Browsing by Subject "Russian"

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  • Viimaranta, Johanna; Bogomolov, Alexey (2020)
    This article is concerned with onomatopoeic interjections that describe the visual and acoustic effects produced when a subject or object comes into contact with water or another liquid. The aim of the research was to establish the criteria for devising a typology of such onomatopoeic expressions. The research material consisted of water-related onomatopoeic interjections in Russian and Finnish. While it is well known that such words can be used as predicates in Russian, descriptions of Finnish grammar make no reference to this type of syntactic function. Since words belonging to this group are recorded and codified in Russian dictionaries, but not in Finnish ones, the authors employed different methods for each of the two languages in examining the lexical material. After establishing a codified inventory of water-related onomatopoeic interjections in Russian, the authors analysed their dictionary meanings, which enabled them to reduce the semantic content of the interjections to a set of prototypical ideas. On the basis of this analysis, the authors created a typology of water-related situations and established the criteria for identifying onomatopoeic synonymy. To compensate for the absence of dictionary data for Finnish onomatopoeic interjections, native speakers were asked to fill in electronic questionnaires in which their task was to complete descriptive utterances, to make acceptability judgements concerning the use of particular onomatopoeic expressions, and to pinpoint the essential features of the situation described. The data obtained for both languages were systematized in tabular form in accordance with the typology of water-related onomatopoeic interjections presented in this article. In contemporary Russian, the codified inventory of water-related onomatopoeic interjection consists of the following words: bultykh, bul' or bul'k, kap, nyrk (nyr'), plyukh, pshik, khlest' (khles'), khlyup, chmok, and shlep. Words used in a similar way in contemporary Finnish include the following: kohi, kuoh, liri, liti, lits, loiskis, loti, lati, lats, molskis, pirsk, plats, polskis, pori, pul(i), roiskis, and tip. It turned out that the major considerations influencing a speaker's choice of a suitable water-related onomatopoeic word include the following: (1) seriality: whether a sound (and, consequently, a word) is repeated; (2) the location at which the sound is produced, i.e. whether the object comes into contact with the surface of the liquid or with a deeper stratum; (3) the shape of the object that interacts with the liquid (flat or multidimensional); (4) the result of the interaction (whether or not complete immersion in the liquid takes place); and (5) the quality of the object's interaction with the liquid. Apart from comparisons between Finnish and Russian, this typology provides a framework for the contrastive analysis of water-related onomatopoeia in other languages as well.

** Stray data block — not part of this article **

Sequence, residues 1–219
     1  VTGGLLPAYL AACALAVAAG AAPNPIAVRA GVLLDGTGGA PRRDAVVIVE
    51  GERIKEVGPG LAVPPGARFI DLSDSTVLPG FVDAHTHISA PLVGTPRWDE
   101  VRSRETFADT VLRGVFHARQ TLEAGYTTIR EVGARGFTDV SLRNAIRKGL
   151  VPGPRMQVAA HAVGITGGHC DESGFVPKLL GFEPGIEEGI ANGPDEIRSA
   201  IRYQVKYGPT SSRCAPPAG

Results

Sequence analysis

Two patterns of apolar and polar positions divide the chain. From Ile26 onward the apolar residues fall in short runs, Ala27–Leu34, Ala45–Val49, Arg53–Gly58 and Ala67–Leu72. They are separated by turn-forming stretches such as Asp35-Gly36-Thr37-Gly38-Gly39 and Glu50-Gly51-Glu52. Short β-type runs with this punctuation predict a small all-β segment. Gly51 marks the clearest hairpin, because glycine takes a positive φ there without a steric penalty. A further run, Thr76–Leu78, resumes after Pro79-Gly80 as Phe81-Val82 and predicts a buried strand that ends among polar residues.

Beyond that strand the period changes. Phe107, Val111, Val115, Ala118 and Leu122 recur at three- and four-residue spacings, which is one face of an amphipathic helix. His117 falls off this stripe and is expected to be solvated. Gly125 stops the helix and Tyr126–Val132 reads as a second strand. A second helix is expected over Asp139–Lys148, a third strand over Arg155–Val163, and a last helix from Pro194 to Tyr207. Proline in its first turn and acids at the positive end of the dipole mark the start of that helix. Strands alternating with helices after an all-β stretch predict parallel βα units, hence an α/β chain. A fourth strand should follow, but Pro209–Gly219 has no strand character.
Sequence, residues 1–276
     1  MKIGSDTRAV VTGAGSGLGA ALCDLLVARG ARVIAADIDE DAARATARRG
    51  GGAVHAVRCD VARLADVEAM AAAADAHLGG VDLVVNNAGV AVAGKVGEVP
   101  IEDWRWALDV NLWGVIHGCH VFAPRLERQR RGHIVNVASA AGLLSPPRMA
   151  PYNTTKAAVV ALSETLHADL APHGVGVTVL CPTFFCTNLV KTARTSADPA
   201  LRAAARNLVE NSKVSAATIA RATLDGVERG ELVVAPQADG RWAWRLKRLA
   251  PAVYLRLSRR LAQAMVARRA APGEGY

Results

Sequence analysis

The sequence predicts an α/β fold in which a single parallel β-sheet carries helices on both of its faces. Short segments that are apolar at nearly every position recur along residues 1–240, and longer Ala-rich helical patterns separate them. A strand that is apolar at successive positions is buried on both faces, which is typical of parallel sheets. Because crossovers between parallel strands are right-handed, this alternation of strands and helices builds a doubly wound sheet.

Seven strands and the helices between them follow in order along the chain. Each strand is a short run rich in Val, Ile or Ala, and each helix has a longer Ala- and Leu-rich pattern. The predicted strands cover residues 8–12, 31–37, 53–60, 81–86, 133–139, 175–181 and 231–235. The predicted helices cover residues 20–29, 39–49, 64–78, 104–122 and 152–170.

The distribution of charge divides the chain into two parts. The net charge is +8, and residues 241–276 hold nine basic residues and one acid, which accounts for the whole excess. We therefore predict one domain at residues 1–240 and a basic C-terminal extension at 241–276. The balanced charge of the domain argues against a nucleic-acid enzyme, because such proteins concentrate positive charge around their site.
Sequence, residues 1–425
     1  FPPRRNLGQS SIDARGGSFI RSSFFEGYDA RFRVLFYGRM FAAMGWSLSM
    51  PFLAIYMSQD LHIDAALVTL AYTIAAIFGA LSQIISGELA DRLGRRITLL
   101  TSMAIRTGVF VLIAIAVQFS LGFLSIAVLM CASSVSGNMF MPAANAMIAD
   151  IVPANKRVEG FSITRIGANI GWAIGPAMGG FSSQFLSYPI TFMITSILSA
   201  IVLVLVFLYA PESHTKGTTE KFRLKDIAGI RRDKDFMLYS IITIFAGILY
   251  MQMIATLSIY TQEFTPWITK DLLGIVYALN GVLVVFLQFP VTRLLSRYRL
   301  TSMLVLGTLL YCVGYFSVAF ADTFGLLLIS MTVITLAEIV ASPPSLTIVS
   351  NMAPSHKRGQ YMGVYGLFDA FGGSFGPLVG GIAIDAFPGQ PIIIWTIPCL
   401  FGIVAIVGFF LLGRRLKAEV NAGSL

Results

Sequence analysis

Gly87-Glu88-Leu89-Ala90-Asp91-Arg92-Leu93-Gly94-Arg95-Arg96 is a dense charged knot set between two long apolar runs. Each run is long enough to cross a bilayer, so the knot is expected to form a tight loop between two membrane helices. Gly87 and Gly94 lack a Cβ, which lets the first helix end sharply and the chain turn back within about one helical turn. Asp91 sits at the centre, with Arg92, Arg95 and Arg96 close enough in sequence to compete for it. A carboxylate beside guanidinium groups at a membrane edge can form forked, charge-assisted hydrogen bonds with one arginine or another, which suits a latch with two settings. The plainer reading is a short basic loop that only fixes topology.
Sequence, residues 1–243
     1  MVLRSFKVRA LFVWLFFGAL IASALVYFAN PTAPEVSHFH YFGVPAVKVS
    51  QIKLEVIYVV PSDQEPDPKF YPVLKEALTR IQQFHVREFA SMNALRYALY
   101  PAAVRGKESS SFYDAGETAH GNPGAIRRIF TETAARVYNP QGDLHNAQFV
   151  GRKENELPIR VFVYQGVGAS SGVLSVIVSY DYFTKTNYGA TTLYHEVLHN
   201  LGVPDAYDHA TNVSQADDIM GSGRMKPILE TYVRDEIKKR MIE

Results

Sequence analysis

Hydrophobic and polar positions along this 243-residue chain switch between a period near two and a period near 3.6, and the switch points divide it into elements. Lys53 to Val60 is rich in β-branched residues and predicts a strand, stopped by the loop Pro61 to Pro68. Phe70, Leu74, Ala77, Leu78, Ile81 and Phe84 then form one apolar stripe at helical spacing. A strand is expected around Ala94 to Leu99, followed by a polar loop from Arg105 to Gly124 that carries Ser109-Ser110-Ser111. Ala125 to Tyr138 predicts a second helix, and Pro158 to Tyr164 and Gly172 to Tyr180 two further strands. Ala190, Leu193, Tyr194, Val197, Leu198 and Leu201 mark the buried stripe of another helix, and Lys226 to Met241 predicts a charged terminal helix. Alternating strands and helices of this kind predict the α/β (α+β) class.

• Alexeeva, Svetlana; Dobrego, Aleksandra (2021)